Upcoming GDP revisions will add about 3%, or about $500 billion, to the size of the US economy. Some context via Credit Suisse:
– Comprehensive benchmark revisions to the national income and product accounts will be released on July 31st. There will be significant conceptual changes to how GDP is scored.
– The most important change is the reclassification of “intangible” asset spending as investment, the largest item being research and development spending. As a consequence, GDP, as well as its income-side sibling GDI (Gross Domestic Income), is expected to be roughly 3% larger in size than currently measured. That’s akin to tacking on another New Jersey, Ohio or Virginia to the nation’s broadest measure of output.
– The GDP will be larger in a statistical sense, but not any healthier. Think of the revision as analogous to measuring something with a ruler denominated in meters as opposed to yards. The unit of measurement is different, but the object being measured is not any different.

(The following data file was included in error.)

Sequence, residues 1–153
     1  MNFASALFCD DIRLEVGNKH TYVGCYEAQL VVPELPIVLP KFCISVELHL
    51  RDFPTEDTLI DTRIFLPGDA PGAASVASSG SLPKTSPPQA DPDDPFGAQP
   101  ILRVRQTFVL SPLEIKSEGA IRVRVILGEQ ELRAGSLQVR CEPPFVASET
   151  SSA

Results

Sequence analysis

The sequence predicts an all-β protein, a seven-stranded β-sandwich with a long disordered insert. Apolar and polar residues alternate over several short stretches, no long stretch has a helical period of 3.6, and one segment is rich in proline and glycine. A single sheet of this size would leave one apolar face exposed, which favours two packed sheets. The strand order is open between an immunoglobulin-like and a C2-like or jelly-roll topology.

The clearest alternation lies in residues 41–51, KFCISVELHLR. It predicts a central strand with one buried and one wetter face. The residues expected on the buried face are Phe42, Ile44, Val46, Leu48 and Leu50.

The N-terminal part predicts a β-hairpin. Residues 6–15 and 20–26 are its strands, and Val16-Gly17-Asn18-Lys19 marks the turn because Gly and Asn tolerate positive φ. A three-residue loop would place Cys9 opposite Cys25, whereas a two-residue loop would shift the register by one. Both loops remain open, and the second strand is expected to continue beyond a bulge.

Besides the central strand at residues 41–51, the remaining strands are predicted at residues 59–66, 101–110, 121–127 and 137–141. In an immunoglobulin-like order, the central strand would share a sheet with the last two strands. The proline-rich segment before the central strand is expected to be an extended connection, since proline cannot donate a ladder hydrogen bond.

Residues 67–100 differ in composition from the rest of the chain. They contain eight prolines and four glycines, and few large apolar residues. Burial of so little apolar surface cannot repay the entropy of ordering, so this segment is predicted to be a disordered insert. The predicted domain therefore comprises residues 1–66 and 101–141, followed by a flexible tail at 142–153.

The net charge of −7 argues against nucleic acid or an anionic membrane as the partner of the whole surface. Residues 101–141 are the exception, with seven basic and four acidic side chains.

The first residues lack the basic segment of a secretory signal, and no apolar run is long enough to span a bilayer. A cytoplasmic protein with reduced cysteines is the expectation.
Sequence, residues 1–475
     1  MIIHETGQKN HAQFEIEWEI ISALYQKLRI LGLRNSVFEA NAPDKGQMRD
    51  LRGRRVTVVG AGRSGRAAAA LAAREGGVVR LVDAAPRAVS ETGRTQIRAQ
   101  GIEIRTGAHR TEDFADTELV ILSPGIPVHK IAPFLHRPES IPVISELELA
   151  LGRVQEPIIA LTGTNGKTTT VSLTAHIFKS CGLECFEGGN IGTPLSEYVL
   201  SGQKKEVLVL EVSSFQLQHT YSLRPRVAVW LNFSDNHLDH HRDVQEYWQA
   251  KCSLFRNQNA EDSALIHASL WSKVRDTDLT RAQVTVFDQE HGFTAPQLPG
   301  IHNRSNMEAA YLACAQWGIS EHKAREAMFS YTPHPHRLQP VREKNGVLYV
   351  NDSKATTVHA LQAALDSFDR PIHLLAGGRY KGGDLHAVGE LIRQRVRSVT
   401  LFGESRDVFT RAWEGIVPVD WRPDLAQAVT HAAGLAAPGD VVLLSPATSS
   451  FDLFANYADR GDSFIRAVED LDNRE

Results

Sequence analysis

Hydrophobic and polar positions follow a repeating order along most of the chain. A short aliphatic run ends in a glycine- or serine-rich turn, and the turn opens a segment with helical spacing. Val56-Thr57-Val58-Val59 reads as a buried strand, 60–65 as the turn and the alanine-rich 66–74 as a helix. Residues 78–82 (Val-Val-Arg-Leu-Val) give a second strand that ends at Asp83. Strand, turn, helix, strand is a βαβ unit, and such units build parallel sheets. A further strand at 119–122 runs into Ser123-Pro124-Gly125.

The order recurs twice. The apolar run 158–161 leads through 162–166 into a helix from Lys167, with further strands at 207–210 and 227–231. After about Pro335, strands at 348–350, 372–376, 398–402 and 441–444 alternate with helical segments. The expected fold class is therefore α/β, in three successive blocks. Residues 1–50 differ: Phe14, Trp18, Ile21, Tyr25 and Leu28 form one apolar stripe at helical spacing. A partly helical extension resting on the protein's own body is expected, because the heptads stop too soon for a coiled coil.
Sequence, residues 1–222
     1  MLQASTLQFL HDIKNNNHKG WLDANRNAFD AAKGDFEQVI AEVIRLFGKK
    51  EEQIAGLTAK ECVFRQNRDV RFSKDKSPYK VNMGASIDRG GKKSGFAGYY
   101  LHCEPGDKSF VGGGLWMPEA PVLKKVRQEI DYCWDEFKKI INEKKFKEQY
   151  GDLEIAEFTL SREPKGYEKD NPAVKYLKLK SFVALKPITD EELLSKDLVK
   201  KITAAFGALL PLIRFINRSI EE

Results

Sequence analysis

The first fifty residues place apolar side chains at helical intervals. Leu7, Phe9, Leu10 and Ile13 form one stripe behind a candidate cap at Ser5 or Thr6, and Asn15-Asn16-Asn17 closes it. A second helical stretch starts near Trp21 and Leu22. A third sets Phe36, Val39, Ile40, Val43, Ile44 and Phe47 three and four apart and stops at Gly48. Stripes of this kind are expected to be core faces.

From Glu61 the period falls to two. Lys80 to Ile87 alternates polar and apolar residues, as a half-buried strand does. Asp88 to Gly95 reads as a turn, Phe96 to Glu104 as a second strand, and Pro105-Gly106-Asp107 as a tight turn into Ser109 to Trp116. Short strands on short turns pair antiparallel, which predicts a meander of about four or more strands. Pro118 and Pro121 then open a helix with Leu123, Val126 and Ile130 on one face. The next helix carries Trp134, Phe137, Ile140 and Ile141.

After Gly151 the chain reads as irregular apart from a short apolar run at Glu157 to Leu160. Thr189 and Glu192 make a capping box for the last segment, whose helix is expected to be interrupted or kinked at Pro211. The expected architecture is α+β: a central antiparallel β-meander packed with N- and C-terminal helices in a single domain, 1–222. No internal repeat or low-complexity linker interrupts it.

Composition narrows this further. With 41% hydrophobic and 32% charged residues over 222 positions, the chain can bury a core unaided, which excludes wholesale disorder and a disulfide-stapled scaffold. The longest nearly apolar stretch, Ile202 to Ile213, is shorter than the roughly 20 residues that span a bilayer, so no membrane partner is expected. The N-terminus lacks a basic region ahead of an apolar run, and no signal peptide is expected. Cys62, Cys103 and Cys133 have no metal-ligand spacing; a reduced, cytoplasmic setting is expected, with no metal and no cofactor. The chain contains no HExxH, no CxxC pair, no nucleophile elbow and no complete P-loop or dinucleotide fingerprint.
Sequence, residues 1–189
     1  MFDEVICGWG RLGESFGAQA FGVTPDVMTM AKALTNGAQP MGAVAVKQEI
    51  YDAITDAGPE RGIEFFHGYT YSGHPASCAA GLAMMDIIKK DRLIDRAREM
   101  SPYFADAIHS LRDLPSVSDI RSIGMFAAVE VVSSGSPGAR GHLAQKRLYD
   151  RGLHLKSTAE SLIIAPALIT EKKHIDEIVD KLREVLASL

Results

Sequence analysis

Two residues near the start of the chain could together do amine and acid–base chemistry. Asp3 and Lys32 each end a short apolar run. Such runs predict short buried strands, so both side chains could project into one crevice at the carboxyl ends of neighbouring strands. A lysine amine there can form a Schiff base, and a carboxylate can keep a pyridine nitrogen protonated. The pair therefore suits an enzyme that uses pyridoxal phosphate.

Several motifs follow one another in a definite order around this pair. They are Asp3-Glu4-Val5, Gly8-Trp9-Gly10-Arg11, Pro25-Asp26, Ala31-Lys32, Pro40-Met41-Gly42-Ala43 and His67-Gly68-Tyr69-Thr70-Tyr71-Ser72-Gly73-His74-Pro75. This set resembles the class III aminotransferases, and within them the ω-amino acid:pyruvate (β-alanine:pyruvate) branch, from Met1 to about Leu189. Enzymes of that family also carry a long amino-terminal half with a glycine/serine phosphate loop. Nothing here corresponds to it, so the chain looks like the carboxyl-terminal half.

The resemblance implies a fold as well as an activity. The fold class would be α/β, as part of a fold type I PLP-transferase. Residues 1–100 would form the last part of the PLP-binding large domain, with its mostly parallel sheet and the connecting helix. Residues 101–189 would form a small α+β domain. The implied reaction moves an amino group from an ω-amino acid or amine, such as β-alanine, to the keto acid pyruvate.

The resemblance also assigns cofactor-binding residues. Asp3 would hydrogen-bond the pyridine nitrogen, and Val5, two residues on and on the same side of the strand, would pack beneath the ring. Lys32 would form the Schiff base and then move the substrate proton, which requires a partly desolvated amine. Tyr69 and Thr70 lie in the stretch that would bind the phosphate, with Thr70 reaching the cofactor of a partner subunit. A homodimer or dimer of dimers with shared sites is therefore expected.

– Other “routine” annual revisions might deliver more GDP growth to the very recent past, which would narrow the wedge somewhat between the stronger labor market data and the relatively weaker GDP data. However, second quarter growth is currently tracking sluggish (latest forecast is 1.1%).
Another way to think of it: the US will be adding a Norway.